Handing out medical cards on the basis of illness is the wrong way to go
Opinion: Resources will inevitably be taken away from others with greater financial need
‘We’ve been down this dubious road of universal entitlement before. Free university fees were sold as the way to get working class kids into college but ended up overwhelmingly subsidising the education costs of the middle classes. The distribution of free medical cards for all over-70s had to be reversed within a decade.’ Above, people taking part in a protest about medical cards for those aged 70 and over, in 2008. Photograph: Eric Luke
Given the debate that has taken place over the last month, you might be forgiven for thinking that a harsh bureaucracy, egged on a heartless political class with no mandate, has savagely ripped medical cards out of the hands of sick children and their families.
There may be some truth to the various elements of this statement, but it is hard to find. There has been a drop of 30,000 in the number of discretionary cards, and a drop of about 55,000 in the total number of medical cards.
Some of these changes are due to people being moved between the different variants of card, others are a result of people returning to work.
The centralisation of card processing has hit people living in areas where discretion was being applied more generously than elsewhere. About 3 per cent of reviews of discretionary cards has resulted in removal.
Scores of cases have been reported in the media in which people have cried foul over the removal of cards, or the refusal to grant cards. Even Government Ministers have said they couldn’t stand over what happened in some of these cases.
Problematic decisionsBut the tone and scale of the problem as portrayed in reports is well wide of the mark. Problematic decisions, while they exist, are a small fraction of the overall number of card reviews. There are appeal mechanisms and fallback entitlements in situations where a medical card has been refused.
The State is not miserly in the granting of medical cards. There are almost two million in circulation, so the poor and the low-waged are covered.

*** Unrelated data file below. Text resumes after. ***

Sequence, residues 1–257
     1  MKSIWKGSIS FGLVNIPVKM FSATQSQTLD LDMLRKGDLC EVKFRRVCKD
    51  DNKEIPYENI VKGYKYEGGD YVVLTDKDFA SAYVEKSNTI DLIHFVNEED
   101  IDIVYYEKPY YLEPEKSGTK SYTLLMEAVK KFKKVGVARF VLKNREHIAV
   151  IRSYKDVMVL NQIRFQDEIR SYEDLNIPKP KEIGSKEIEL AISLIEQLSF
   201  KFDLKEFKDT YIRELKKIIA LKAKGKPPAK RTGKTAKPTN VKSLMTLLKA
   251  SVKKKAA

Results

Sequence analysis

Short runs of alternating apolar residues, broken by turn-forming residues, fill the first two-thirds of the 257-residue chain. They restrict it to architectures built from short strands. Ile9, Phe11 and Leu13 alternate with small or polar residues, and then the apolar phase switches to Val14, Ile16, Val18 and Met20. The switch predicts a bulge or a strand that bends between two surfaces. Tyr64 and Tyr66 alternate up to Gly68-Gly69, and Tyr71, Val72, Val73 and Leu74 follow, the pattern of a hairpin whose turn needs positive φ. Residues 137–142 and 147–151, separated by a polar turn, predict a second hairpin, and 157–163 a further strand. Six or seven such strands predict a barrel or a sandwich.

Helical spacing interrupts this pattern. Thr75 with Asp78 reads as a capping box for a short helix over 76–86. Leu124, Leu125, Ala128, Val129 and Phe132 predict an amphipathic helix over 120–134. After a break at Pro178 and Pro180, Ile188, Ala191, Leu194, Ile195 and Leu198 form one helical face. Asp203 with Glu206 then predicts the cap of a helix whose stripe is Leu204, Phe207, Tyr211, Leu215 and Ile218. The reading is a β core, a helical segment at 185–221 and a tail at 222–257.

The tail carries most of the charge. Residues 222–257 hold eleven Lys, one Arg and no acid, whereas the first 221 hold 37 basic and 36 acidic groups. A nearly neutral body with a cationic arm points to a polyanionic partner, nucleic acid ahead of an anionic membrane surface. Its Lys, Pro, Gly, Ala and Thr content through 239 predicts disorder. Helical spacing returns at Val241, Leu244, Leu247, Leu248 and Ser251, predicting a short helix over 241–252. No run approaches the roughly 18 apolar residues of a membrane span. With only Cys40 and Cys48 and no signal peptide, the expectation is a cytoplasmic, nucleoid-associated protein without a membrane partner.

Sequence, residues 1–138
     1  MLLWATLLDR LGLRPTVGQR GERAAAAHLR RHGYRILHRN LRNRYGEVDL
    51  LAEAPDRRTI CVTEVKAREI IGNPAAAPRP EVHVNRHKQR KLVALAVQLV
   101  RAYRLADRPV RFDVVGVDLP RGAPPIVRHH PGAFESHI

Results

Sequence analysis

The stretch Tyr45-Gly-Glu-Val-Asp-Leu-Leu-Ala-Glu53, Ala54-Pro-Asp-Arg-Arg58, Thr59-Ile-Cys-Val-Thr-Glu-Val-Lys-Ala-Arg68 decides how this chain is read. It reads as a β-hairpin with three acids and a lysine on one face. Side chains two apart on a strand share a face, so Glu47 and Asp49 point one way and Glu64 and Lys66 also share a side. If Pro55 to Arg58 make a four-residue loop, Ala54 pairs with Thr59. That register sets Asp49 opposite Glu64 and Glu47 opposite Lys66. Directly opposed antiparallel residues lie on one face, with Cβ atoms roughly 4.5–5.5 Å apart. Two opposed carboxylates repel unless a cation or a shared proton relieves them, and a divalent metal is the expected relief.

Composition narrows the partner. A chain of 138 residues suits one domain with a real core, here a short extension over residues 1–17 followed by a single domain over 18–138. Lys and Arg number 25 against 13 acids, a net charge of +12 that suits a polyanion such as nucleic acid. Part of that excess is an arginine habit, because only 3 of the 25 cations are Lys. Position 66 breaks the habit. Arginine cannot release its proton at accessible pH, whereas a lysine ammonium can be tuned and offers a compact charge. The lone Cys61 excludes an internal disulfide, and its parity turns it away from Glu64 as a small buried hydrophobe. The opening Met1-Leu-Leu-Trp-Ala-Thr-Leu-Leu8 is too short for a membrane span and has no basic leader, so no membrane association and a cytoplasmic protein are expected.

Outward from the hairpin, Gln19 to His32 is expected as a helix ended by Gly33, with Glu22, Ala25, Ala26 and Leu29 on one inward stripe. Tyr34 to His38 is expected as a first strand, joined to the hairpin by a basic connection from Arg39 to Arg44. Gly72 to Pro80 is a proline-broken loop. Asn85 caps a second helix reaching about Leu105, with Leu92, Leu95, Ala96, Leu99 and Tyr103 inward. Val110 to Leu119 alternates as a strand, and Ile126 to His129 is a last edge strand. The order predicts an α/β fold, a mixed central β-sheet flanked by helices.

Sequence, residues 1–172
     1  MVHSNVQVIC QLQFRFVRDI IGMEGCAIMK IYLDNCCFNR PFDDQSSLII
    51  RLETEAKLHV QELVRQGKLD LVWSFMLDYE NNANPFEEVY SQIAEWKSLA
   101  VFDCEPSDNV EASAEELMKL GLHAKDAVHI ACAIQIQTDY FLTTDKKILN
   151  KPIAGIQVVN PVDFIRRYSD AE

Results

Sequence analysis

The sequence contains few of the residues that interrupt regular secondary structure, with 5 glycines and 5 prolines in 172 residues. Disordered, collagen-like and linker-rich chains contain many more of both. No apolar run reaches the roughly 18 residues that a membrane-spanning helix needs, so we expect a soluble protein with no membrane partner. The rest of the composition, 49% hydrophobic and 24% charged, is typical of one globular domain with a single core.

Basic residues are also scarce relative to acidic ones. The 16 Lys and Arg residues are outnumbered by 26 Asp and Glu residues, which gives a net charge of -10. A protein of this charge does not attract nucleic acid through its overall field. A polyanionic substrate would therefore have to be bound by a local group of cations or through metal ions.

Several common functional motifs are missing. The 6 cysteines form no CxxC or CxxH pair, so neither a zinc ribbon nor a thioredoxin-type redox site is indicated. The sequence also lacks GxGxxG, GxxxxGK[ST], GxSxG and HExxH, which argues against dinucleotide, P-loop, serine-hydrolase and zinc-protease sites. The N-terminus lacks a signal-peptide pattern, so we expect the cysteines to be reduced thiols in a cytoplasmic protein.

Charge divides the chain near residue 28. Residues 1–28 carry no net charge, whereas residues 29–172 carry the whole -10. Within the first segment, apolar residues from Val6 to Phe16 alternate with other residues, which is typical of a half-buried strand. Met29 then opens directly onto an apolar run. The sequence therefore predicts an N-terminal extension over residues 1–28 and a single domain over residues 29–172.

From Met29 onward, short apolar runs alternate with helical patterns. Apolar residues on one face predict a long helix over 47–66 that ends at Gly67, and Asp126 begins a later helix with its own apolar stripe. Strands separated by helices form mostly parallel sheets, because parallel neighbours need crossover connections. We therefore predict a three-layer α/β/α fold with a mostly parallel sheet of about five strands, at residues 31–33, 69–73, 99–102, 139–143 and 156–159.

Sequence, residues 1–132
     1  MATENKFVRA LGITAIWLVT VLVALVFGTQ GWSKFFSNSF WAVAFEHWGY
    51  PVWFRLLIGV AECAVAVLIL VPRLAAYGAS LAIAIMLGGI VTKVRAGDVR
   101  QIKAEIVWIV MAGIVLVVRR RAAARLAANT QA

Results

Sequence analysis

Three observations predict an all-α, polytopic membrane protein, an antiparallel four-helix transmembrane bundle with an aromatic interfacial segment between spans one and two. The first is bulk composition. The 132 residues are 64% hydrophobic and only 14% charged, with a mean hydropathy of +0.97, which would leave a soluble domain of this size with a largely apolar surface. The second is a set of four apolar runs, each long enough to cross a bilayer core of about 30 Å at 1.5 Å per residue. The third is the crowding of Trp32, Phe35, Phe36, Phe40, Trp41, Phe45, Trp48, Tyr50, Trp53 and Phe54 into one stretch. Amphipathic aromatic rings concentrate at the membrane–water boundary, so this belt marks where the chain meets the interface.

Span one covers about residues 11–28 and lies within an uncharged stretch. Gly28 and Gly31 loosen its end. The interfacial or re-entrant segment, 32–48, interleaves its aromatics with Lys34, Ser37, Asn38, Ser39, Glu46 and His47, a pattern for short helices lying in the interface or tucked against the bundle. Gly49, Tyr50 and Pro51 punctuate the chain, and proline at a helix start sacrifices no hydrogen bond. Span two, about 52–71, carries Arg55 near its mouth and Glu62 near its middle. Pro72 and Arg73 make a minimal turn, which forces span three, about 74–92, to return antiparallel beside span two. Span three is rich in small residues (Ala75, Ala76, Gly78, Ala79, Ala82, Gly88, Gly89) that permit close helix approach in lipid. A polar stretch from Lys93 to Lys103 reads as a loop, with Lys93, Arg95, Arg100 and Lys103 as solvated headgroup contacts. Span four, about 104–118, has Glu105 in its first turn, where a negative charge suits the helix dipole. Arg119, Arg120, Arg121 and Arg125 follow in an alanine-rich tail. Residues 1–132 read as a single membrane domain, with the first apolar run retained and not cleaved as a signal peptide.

There are times of illness when our medical needs soar, possibly beyond our means. That’s why the discretionary process is there. The exercise of discretion in granting a medical card wasn’t working very evenly, with patients in some parts of the country six times more likely to get a card this way. Or, more pertinently, patients in other parts of the country were six times less likely to get a card through the exercise of discretion.
Where a person fails to qualify for a medical card, there are other options. They may yet qualify for a GP visit card, which doesn’t cover the cost of drugs. For certain conditions their medical costs will be covered by the long-term illness scheme. It was wrong that successive ministers refused to update the list of conditions covered by the scheme.
Drug payment schemeThe next fallback is the drug payment scheme. Thresholds here have been raised but at present no family (not individual) has to pay more than €144 a month for drugs.
That caps their spending at well under €2,000 a year, a sizable sum without doubt but one that upper-middle class families should be able to afford.
Little of this context was provided in the highly emotive presentation of the controversy over recent months. Claims that people were asked by officials if they “still had MS” or if their child’s Down syndrome “has got better” became part of the folklore.